Blockchain enables BPM beyond an organization’s boundaries

Business Process Management (BPM) software suites enable automation of business processes within an organization to improve its overall efficiency. On the other hand, Blockchain can be thought of as a distributed database where encrypted transactions are recorded publicly and chronologically. When BPM is coupled with Blockchain, business processes can be coordinated across multiple organizations. In the context of multiple organizations, Blockchain technology guarantees that even a transaction that is recorded in the Blockchain outside of your organization’s boundary cannot be tampered with. Such tamper proof audit capabilities offered by Blockchain establishes authenticity of recorded transactions, and paves the way for collaboration between multiple parties across multiple organizations. Another aspect of Blockchain that makes it capable of managing inter-organizational processes is the ability to execute defined scripts as smart contracts. Smart contracts controls transactions between participants ensuring contractual conditions are met.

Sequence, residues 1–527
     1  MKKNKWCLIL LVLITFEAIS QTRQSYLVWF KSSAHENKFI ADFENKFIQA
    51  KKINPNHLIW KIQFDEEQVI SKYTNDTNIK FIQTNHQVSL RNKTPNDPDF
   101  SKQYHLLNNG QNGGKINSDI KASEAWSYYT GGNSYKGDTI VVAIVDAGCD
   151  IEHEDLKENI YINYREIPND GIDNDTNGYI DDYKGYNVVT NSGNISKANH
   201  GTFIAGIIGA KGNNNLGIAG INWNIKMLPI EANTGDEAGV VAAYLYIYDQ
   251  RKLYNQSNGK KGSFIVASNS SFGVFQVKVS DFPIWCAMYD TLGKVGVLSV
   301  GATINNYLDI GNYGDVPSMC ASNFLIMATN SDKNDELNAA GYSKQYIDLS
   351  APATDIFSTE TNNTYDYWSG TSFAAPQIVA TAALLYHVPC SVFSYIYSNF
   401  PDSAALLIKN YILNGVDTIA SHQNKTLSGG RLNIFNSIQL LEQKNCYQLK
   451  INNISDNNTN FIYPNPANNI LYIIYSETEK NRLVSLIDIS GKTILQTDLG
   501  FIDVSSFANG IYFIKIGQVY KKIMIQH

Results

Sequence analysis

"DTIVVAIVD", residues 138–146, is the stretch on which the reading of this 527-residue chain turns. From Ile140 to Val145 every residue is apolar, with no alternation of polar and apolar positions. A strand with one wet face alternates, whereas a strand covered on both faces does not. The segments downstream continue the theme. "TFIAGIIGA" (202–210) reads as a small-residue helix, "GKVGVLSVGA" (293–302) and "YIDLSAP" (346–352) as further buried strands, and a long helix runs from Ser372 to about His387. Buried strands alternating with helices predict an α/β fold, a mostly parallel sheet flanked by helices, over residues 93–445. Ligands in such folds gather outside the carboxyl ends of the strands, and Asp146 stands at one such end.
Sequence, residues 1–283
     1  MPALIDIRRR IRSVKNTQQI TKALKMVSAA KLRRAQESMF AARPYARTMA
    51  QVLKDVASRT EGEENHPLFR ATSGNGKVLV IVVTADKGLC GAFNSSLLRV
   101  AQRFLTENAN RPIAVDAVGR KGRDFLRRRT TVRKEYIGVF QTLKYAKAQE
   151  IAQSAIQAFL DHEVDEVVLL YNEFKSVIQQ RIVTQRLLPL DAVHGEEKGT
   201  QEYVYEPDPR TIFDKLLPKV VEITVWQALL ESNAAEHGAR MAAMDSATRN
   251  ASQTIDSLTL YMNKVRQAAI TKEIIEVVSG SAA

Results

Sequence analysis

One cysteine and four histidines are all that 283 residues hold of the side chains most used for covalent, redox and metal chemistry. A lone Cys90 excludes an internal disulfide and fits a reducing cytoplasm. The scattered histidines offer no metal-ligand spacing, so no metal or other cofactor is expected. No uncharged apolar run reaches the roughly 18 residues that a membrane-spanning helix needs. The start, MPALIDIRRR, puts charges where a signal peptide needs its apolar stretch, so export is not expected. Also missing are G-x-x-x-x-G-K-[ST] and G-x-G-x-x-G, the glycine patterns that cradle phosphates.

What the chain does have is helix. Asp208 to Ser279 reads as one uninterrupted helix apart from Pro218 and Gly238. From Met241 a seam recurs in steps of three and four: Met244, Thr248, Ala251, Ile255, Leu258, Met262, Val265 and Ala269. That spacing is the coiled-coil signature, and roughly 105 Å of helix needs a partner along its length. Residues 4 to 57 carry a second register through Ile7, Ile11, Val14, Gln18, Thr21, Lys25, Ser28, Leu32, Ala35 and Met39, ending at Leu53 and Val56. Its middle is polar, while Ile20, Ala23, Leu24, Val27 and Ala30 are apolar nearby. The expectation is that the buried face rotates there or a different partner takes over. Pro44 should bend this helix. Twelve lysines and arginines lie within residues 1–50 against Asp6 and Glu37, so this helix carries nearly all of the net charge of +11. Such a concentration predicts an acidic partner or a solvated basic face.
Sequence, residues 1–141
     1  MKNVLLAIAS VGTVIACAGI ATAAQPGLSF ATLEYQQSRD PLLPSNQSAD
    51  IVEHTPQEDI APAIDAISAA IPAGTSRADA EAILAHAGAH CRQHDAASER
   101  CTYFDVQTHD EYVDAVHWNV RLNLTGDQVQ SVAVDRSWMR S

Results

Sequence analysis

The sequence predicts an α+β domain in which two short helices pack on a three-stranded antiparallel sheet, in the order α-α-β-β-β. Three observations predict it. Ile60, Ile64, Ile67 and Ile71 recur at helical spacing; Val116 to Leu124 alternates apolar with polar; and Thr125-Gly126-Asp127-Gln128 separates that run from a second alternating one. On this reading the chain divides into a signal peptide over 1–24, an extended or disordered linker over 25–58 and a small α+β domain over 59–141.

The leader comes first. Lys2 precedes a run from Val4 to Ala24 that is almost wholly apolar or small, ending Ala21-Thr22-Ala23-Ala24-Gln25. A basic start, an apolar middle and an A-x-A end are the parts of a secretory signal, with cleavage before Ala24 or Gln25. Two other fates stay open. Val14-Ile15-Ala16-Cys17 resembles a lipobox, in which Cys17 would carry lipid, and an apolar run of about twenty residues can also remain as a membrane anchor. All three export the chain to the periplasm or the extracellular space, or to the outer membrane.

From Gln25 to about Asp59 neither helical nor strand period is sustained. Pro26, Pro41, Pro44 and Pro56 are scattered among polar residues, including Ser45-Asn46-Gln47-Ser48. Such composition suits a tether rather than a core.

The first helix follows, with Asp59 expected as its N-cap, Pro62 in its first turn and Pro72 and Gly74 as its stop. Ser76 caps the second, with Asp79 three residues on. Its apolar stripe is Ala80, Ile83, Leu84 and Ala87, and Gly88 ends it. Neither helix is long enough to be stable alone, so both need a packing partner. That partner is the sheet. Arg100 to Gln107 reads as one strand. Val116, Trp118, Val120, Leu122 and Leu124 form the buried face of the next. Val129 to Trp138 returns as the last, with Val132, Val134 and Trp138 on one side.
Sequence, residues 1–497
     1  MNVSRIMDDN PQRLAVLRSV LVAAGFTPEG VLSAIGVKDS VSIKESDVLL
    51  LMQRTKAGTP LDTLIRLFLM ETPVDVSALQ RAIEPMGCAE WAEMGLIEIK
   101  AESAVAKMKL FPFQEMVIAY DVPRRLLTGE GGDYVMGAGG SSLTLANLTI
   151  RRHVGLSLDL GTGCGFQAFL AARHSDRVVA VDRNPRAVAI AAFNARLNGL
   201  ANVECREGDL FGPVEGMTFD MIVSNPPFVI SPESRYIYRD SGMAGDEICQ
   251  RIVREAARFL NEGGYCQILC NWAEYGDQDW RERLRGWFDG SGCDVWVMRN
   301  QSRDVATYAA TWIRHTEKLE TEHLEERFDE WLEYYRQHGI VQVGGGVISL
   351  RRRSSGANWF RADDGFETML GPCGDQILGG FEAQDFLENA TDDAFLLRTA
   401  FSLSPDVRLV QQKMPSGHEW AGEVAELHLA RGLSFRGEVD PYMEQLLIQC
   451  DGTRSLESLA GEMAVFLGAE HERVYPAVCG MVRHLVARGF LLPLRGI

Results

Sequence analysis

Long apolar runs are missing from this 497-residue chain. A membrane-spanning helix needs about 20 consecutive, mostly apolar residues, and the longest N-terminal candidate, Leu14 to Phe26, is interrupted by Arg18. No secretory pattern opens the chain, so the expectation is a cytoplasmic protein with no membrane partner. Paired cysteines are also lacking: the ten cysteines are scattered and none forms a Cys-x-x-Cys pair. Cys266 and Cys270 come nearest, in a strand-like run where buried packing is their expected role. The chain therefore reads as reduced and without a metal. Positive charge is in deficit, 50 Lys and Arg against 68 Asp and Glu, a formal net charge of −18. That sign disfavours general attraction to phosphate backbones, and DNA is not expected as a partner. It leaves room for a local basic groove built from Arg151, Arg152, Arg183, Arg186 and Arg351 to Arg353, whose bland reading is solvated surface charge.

Let us consider an example of shipment tracking. The shipment tracking process involves sharing of multiple documents such as purchase order, invoice, letter of credit, shipment bill and insurance declaration generated from various related business processes carried out by multiple parties across organizations. BPM technologies can be used to orchestrate related business processes such as requisition approval, purchase order issuance, goods delivery, receipt notice, invoicing, and payments. Documents and transactions generated over the course of such related business processes across multiple parties can be recorded on the Blockchain thus providing transparency and trust to all relevant parties involved in tracking of shipments. Such a combination of BPM and Blockchain can enable managing business processes across multiple organizations.